Press Release/ 07 June 2019
The Department of Health (DOH) advised the public to prepare this early against the onset of illnesses associated with the coming rainy season this June.
The common diseases during the rainy season include diarrhea, water-borne diseases such as typhoid fever, cholera, leptospirosis, and vector-borne diseases such as malaria and dengue.
Diarrhea is an increase in the frequency of loose or liquid bowel movements usually caused by a variety of bacterial, viral, and parasitic organisms.
Typhoid fever is an infectious disease commonly spread through contaminated food and water or through close contact with someone who is infected.
Cholera is an acute intestinal infection caused by food or water contaminated with the bacteria known as Vibrio cholera. The bacteria cause watery diarrhea that can lead to severe dehydration and death.
Diarrhea, typhoid fever, and cholera are all food- and water-borne diseases. These can be prevented by drinking water only from safe sources. Or if unsure, to boil water for 3 minutes or do water chlorination. Cook food well and always have it covered to prevent contamination from flies and other insects. Always wash hands before preparing or handling food and after using the toilet.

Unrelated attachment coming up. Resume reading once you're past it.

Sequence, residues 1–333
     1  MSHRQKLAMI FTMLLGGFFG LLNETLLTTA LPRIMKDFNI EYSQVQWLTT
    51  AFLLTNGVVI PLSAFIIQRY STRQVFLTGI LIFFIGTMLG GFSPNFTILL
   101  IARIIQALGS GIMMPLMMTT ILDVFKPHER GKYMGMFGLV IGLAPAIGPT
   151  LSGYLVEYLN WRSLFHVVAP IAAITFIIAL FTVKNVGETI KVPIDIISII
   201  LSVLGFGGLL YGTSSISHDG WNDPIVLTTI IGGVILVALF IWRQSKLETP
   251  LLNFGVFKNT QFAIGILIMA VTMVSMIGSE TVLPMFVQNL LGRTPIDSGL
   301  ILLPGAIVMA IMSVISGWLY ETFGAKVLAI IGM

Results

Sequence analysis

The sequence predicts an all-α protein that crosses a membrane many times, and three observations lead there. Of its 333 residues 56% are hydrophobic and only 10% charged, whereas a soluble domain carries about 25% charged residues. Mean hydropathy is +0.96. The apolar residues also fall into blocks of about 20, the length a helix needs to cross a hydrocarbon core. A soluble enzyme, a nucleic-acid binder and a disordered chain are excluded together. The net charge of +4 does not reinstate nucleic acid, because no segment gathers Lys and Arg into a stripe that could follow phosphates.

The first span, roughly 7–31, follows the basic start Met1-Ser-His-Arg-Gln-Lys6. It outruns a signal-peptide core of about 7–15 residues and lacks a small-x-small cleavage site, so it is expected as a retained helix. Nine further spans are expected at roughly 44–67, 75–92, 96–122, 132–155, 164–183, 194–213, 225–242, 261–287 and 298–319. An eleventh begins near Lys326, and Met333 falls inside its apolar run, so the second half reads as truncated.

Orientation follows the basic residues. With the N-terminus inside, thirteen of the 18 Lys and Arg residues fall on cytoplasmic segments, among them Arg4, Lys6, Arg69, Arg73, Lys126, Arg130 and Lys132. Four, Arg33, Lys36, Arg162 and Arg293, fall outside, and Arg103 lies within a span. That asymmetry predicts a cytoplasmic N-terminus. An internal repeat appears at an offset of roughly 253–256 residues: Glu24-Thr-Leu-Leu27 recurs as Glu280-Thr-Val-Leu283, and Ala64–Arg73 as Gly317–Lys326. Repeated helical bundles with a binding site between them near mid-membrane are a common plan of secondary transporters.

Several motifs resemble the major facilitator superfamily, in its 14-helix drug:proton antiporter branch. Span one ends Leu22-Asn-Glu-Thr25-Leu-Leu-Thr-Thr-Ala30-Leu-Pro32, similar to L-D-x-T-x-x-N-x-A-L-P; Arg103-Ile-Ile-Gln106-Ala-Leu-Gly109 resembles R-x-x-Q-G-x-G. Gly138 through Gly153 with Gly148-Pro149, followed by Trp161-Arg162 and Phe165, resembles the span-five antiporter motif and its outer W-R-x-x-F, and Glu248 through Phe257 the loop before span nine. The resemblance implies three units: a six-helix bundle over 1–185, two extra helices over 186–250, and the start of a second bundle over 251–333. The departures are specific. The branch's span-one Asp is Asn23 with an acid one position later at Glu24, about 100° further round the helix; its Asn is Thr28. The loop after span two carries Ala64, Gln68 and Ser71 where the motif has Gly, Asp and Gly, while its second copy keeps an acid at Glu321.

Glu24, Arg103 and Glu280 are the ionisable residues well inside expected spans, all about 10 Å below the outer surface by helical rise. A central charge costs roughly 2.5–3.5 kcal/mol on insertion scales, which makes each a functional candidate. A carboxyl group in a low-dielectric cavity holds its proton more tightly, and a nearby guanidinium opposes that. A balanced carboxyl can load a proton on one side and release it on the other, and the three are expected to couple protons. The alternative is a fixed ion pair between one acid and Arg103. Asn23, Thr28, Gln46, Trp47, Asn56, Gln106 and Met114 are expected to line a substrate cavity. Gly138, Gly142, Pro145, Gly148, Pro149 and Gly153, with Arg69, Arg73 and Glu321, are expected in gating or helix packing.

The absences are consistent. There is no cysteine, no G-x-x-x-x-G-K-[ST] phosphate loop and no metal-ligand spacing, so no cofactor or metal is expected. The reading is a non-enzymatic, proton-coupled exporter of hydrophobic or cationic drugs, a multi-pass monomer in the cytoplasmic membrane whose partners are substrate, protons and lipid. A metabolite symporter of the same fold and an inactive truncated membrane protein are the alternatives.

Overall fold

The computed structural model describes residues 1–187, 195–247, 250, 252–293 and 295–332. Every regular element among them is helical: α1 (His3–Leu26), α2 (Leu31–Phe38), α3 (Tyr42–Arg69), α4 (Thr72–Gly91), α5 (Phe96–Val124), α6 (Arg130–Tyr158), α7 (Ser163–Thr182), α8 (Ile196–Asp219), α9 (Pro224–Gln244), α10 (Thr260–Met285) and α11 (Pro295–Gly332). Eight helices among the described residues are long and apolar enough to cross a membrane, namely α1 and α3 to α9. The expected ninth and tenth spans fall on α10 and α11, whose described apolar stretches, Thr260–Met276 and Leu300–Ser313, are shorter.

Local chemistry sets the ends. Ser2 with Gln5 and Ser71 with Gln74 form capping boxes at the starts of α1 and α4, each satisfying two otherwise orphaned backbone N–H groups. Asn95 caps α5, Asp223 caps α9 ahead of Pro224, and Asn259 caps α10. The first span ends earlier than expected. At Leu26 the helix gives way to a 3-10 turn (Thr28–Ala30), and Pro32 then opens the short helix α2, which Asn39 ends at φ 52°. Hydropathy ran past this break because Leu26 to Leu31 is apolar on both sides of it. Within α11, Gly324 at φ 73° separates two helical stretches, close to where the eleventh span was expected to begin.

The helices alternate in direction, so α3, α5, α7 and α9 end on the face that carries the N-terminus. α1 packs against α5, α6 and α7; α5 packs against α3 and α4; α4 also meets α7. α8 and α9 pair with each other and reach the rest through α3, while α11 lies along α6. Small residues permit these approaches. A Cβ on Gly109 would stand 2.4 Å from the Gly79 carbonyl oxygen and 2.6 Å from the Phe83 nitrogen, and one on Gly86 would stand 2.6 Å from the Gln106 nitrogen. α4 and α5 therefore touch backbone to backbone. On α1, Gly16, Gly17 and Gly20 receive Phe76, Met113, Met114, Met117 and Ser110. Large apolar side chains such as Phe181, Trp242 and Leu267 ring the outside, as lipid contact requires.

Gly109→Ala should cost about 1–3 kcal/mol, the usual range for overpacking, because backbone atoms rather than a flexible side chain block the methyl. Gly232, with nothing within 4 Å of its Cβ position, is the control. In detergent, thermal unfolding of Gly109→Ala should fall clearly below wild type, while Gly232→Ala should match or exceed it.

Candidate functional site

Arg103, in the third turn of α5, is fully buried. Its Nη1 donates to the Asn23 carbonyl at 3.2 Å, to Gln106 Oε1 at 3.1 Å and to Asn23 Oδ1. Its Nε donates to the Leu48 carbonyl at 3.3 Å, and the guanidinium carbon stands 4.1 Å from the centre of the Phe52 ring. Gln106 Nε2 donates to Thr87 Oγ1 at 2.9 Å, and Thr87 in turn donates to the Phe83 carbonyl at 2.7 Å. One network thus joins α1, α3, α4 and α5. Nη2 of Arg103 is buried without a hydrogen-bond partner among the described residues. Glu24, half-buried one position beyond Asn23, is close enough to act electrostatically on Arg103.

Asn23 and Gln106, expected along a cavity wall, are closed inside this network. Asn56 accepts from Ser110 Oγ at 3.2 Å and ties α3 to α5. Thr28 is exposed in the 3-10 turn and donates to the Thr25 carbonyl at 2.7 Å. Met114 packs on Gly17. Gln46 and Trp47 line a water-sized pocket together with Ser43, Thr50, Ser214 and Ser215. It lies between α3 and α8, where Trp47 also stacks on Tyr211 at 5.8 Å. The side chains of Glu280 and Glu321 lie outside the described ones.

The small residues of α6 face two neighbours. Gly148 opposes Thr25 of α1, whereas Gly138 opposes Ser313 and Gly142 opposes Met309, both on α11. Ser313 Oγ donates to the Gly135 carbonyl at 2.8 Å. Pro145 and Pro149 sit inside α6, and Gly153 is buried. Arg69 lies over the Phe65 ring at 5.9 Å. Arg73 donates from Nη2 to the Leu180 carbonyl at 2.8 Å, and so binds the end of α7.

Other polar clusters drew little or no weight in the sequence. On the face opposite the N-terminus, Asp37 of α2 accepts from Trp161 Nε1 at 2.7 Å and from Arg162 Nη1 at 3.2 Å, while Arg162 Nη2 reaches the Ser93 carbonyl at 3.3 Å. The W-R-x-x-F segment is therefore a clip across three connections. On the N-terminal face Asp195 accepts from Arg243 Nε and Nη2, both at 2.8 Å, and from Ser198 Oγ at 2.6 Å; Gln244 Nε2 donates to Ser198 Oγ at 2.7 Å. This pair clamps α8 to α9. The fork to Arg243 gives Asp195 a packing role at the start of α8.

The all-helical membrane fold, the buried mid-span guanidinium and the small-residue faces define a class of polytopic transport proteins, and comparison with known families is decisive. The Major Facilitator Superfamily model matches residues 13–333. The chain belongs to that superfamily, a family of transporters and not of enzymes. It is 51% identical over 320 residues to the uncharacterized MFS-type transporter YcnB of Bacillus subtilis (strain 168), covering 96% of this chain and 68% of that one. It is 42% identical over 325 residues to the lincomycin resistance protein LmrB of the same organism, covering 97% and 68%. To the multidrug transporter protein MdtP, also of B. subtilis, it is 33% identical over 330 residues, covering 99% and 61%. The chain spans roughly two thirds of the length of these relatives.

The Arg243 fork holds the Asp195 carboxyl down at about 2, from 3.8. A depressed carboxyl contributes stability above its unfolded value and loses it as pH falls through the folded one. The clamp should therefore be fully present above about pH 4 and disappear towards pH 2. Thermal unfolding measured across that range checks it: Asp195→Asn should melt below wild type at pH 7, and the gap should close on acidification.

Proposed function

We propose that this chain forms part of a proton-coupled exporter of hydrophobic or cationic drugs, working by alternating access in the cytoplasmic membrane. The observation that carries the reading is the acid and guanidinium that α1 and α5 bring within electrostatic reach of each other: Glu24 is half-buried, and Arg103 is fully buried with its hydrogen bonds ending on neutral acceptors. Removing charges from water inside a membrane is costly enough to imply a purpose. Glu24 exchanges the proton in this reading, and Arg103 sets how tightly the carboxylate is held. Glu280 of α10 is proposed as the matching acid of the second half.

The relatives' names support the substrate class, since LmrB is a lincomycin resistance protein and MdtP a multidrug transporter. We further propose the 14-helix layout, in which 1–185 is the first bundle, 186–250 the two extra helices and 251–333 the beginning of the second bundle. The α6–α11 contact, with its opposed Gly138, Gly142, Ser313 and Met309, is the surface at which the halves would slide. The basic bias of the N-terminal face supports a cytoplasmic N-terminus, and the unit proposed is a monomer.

Leptospirosis is a bacterial infection transmitted by many animals, such as rodents and other vermin. Waste products (such as urine and feces) of an infected animal, especially rats, contaminate the soil, water, and vegetation, especially during floods. Authorities advise to avoid swimming or wading in potentially contaminated flood waters, and maintain cleanliness in the house to ensure control of rodents or rats.
Dengue fever and dengue hemorrhagic fever are acute viral infections that are caused by the bite of the dengue-carrying mosquito. Dengue can be avoided by practicing the 4-S against the disease which stands for search and destroy, self-protection measures, seek early consultation, and say yes to fogging when there is an impending outbreak or hotspot.
Malaria is a serious and sometimes fatal disease caused by a parasite that commonly infects certain type of mosquito which feeds on humans. It can be prevented by using long lasting insecticidal mosquito nets, especially during nighttime, and by following the advice of health workers on how to take anti-malaria drugs.
“It is best to arm ourselves with weapons against these diseases even before the onset of the rainy season by building a strong resistance against these illnesses and practicing personal hygiene and environmental sanitation,” Health Secretary Francisco T. Duque concluded.